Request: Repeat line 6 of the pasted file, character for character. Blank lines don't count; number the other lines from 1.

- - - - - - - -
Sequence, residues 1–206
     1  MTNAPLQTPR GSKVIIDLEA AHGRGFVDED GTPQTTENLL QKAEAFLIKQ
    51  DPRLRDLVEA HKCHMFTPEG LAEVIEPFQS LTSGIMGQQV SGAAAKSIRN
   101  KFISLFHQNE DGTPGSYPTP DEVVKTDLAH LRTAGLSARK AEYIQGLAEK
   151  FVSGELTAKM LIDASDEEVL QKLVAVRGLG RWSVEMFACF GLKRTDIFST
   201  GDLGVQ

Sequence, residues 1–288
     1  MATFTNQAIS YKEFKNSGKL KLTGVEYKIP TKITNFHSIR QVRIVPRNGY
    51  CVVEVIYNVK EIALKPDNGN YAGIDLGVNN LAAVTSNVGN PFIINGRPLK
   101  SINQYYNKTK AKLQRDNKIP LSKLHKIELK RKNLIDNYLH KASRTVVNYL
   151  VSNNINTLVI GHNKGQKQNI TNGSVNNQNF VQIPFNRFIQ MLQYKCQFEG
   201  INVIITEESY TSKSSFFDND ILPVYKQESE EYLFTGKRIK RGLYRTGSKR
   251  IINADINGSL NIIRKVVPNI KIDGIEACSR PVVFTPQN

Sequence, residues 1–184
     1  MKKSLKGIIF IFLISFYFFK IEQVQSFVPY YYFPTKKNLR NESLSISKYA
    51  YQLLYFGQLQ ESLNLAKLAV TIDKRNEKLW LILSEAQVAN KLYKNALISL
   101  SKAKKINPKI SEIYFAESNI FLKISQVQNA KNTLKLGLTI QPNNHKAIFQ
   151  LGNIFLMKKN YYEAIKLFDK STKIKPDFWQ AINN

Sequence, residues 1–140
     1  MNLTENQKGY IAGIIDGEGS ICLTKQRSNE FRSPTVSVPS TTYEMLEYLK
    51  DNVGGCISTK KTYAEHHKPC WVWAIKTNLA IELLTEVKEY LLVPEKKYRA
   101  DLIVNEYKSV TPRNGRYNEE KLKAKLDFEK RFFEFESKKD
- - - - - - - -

   201  GDLGVQ